Employees call it the “break room” because it’s where they break things. Namely, they stress metal parts to the breaking point so they can be validated for use in cars, airplanes, missiles, operating tables and other important applications.
It all happens under the roof of Metallurgical Solutions, Inc., a metal-testing lab in Middletown headed by Wright State University alumnus Brian Joyce. He opened the business in 2002 and has since employed many Wright State students and graduates.
A stroll through the sprawling laboratory building reveals an array of muscular tensile machines, which test metal components by pulling them apart. The machines power up, hissing and whirring before snapping metal parts with a loud crack.
Elsewhere in the lab are a lathe, a punch press and corrosion cabinets, which test metal parts with a salt fog environment in accordance with American Society of Testing and Materials (ASTM). An aluminum motor housing to be tested lies in pieces on the floor. Large blue trash bins brim with metal shavings. Other rooms house microscopes and chemical testing equipment.
In addition to chemical analysis and mechanical and corrosion testing, the lab does microstructure evaluation, coating analysis, scanning electron microscopy and consulting. It is considered one of the better failure-analysis labs in the state and perhaps the country.
“We’re a small company with big shoulders, supporting large companies and important issues,” said Joyce. “Expedited routine testing for automotive suppliers is provided on a daily basis.”
Joyce grew up in Kenosha, Wisconsin. After graduating high school, he joined the Air Force and worked in accounting and finance before being accepted into an aeronautical and astronautical engineering program. He earned his bachelor’s degree in engineering from Purdue University in 1988.
Then Joyce was commissioned as an officer in the Air Force and worked as a flight test engineer at Edwards Air Force Base in California, where he witnessed landings of the space shuttle and met record-setting test pilot Chuck Yeager.
F-117 Stealth Fighters would sometime fly over Joyce’s home.
“I saw a lot of things before anyone else knew they existed,” he said.
Joyce later moved to Ohio and in 1992 earned his master’s degree in finance from the Air Force Institute of Technology at Wright-Patterson Air Force Base. He worked for a few years with a defense contractor and then enrolled in Wright State’s College of Engineering and Computer Science, where he discovered materials engineering.
“It was like a second language. It just clicked,” he said.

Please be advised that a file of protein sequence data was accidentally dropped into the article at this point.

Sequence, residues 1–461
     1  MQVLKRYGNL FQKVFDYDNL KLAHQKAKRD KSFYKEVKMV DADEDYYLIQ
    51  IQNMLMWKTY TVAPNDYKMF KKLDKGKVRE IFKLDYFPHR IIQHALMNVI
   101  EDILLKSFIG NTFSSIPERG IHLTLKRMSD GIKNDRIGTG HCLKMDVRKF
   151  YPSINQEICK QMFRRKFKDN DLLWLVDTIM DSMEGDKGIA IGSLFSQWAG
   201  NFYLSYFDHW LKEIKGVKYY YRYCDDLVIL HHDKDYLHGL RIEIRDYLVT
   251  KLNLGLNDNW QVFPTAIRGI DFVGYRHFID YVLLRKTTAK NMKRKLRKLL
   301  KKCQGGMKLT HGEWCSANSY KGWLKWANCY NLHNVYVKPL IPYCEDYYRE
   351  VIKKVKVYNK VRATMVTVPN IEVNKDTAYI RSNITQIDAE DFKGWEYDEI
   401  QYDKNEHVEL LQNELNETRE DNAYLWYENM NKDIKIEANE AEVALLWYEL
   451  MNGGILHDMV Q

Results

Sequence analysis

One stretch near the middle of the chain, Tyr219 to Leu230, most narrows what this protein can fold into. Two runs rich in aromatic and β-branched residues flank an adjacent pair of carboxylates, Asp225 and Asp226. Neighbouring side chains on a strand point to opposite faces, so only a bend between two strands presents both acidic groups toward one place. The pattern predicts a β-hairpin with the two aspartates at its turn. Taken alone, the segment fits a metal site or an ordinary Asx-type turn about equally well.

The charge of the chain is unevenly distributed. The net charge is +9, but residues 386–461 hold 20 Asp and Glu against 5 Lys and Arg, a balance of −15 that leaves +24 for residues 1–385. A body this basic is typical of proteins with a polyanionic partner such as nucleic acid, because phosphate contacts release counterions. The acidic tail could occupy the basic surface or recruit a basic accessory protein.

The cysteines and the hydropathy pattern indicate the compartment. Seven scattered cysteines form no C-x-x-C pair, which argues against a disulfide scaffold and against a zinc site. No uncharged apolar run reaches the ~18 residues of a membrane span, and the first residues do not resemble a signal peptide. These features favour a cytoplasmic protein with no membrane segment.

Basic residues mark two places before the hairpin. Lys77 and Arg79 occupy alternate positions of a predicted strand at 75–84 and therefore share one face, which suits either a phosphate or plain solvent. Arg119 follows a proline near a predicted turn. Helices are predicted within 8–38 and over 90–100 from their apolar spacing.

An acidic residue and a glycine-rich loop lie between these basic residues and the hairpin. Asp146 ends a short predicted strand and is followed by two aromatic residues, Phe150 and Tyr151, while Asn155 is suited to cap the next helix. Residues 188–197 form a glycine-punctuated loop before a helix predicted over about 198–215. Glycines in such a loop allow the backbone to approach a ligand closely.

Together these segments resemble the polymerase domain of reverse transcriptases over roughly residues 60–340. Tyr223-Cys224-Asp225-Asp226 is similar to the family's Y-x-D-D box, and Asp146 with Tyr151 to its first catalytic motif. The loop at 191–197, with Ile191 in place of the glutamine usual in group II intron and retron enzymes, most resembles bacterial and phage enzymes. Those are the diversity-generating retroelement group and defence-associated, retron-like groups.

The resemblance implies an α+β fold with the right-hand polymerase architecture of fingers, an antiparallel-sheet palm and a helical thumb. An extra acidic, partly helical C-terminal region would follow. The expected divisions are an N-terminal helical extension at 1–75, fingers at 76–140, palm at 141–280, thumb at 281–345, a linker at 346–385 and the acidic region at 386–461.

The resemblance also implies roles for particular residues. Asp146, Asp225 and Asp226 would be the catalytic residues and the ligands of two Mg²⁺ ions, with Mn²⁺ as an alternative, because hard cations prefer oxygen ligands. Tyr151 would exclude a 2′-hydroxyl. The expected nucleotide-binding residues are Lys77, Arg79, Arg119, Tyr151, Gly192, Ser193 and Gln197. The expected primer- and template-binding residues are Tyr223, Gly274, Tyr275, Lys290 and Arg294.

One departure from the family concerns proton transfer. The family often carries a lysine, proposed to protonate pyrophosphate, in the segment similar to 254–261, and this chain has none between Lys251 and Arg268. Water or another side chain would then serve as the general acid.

In 2000, Joyce took a job managing a metals testing lab in Dayton, where he grew the company’s annual sales from $300,000 to $1 million. He earned his Ph.D. in materials engineering in 2004, studying thermo-mechanical processing of titanium.
“At Wright State, it’s a lot more personal. I liked that,” he said. “If you had a problem or a question, the professors were approachable. I learned a lot.”
In 2002, Joyce opened his business in Middletown in a tiny, 1,500-square-foot building with two employees and four testing machines. Today, he has six employees — including two Wright State graduates — in a sprawling, 15,000-square-foot building that houses dozens of machines. Annual sales for the company are about $1 million.
The company is certified to do testing for the automotive and aerospace industries, including General Electric and its suppliers.
“Dr. Joyce is one of our early Ph.D. graduates who has made quite a name for himself and his business,” said Joseph Slater, chair of Wright State’s Department of Mechanical and Materials Engineering. “I think he is a great example of alumni representing WSU.”
Despite his company’s success, the 55-year-old Joyce worries that the metal-testing industry may soon face a shortage of engineers.
“Not enough people are going into the metals side,” he said. “And there is going to be a vacuum because a lot of the old guys are retiring.”
Wright State became an independent institution in 1967 and has grown into an innovative leader in the Dayton region and beyond, capturing the spirit of the university’s namesakes, Wilbur and Orville Wright, who invented the world’s first successful airplane from their Dayton bicycle shop. It celebrates its 50th anniversary as an independent public university in 2017.